Sexes Eligible for Study:   All
Accepts Healthy Volunteers:   No
Criteria

Inclusion Criteria:

  1. Male outpatients between 18 to 58 years of age (inclusive).
  2. Females between 18 to 58 years of age (inclusive) that are on reliable and adequate birth control.
  3. Subjects with the DSM-IV diagnosis of childhood onset Attention-Deficit/Hyperactivity Disorder (ADHD), as manifested in the clinical evaluation and confirmed by structured interview.
  4. Subjects with a score of 24 or greater on the ADHD Rating Scale.

Exclusion Criteria:

  1. Any current, non-ADHD Axis I psychiatric condition of clinical significance.
  2. Baseline Ham-D > 16, BDI > 19, and/or Ham-A > 21.
  3. Any clinically significant chronic medical condition, specifically cardiovascular, gastrointestinal, pulmonary, genitourinary, metabolic, or endocrine disorders, and hepatic or renal impairment.
  4. Clinically significant abnormal baseline laboratory values.
  5. I.Q. <75.
  6. Organic brain disorders.
  7. Subjects with a history of or current seizure disorders.
  8. Pregnant and/or nursing females.
  9. Clinically unstable psychiatric conditions (i.e. suicidal behaviors, psychosis).
  10. Subjects currently (within the past 6 months) known to abuse or to be dependent on any drug, including alcohol.
  11. Subjects on other psychotropic medications, with the exception of SSRIs.
  12. Subjects with a history of intolerance or non-response to cholinergic agents as determined by the clinician.
  13. Subjects with a history of peptic ulcer disease, gastroesophageal reflux disease, or other GI disorders.
  14. Subjects with history of bradyarrythmias.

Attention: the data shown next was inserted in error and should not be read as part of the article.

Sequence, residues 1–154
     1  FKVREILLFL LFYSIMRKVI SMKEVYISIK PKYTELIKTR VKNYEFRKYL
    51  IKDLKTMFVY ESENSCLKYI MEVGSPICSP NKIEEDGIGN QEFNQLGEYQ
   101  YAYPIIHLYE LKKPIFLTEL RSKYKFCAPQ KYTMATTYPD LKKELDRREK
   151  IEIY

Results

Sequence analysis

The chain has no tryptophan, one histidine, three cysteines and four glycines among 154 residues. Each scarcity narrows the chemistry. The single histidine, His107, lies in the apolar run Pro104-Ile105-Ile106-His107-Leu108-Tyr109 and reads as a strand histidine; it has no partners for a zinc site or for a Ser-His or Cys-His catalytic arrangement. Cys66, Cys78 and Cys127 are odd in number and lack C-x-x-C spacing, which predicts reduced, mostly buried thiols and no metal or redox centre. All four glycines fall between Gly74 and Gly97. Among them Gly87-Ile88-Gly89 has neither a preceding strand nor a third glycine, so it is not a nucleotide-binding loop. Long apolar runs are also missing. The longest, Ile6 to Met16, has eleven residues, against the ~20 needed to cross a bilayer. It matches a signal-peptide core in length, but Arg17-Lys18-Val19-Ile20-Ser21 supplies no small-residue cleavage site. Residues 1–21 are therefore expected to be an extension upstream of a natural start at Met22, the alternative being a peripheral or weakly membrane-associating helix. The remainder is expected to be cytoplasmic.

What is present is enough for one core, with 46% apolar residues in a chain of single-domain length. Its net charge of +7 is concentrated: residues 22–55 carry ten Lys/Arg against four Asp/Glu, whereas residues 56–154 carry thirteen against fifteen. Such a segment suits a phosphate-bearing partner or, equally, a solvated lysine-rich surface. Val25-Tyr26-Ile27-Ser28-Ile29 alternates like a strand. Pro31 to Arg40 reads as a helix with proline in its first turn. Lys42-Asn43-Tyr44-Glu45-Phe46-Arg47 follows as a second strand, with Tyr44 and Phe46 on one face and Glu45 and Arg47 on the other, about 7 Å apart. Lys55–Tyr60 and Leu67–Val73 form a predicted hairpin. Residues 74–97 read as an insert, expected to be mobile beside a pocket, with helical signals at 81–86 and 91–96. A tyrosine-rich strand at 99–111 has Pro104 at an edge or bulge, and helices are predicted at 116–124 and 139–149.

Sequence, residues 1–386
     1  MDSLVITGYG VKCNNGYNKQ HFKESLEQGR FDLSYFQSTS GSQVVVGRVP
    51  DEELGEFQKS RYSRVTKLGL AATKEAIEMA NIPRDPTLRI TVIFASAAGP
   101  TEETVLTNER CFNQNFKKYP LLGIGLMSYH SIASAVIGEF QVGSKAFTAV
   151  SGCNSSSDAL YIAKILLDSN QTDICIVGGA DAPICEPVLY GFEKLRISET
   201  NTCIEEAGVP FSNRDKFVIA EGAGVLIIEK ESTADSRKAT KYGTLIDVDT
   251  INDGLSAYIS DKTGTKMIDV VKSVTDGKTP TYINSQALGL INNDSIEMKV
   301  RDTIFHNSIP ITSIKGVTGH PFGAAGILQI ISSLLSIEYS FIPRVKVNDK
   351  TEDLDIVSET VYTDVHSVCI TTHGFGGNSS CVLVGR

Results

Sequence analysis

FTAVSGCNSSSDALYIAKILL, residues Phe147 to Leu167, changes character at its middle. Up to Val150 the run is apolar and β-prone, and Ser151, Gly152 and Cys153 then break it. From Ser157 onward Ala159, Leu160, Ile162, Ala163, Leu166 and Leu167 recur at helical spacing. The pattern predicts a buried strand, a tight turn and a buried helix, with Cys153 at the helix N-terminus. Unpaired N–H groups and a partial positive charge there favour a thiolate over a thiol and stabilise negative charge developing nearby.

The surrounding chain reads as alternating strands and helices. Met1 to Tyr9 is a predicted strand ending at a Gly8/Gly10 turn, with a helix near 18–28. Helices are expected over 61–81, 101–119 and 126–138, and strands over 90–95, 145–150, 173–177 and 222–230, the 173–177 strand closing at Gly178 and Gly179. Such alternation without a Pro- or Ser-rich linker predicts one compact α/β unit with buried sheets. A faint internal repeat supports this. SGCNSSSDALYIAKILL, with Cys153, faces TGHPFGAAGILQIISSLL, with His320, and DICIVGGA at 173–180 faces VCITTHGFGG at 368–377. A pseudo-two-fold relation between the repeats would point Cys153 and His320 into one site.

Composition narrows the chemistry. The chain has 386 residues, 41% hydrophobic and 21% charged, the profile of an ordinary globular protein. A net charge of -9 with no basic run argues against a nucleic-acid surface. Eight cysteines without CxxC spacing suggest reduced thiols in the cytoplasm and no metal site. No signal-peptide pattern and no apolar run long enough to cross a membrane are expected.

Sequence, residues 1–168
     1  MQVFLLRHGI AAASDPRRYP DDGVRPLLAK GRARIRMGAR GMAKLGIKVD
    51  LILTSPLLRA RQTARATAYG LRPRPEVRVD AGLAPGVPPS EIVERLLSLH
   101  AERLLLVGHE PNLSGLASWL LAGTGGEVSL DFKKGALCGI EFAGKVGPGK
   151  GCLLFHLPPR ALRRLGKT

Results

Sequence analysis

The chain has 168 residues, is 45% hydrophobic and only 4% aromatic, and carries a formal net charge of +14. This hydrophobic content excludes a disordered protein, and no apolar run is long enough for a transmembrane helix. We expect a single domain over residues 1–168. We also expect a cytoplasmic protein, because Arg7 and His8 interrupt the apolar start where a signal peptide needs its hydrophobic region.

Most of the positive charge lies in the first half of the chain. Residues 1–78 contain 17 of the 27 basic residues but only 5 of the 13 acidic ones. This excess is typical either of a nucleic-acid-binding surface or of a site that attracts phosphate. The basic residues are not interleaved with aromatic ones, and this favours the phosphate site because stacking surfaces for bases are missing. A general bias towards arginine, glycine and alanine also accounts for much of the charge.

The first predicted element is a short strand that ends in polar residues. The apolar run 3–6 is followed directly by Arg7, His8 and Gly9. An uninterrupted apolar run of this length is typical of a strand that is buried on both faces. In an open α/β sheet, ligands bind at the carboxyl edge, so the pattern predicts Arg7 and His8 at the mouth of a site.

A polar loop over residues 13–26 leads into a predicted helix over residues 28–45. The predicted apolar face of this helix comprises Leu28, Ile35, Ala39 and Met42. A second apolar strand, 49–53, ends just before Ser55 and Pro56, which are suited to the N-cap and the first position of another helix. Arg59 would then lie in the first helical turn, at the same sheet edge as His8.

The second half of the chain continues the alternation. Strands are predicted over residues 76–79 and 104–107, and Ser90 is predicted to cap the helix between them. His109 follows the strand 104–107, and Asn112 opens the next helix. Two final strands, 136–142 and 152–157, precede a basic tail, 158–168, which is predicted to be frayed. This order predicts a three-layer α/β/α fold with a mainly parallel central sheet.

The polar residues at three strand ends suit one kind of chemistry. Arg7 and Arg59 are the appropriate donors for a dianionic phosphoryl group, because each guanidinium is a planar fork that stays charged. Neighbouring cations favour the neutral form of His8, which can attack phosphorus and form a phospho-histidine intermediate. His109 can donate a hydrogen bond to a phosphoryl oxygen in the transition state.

15. Subjects with asthma.
  16. Subjects on ketoconazole.
  Contacts and Locations
Information from the National Library of Medicine

To learn more about this study, you or your doctor may contact the study research staff using the contact information provided by the sponsor.

Please refer to this study by its ClinicalTrials.gov identifier (NCT number): NCT00181675


Locations
United States, Massachusetts
Massachusetts General Hospital
Cambridge, Massachusetts, United States, 02138
Sponsors and Collaborators
Massachusetts General Hospital
Investigators
Principal Investigator: Joseph Biederman, MD Massachusetts General Hospital
  More Information

Responsible Party: Joseph Biederman, MD, Massachusetts General Hospital
ClinicalTrials.gov Identifier: NCT00181675     History of Changes
Other Study ID Numbers: 2002-P-001937
First Submitted: September 12, 2005
First Posted: September 16, 2005
Last Update Posted: July 23, 2010
Last Verified: July 2010

Keywords provided by Massachusetts General Hospital:
Adult
ADHD
galantamine
double-blind

Additional relevant MeSH terms:
Attention Deficit Disorder with Hyperactivity
Attention Deficit and Disruptive Behavior Disorders
Neurodevelopmental Disorders
Mental Disorders
Galantamine
Cholinesterase Inhibitors
Enzyme Inhibitors
Molecular Mechanisms of Pharmacological Action
Cholinergic Agents
Neurotransmitter Agents
Physiological Effects of Drugs
Parasympathomimetics
Autonomic Agents
Peripheral Nervous System Agents
Nootropic Agents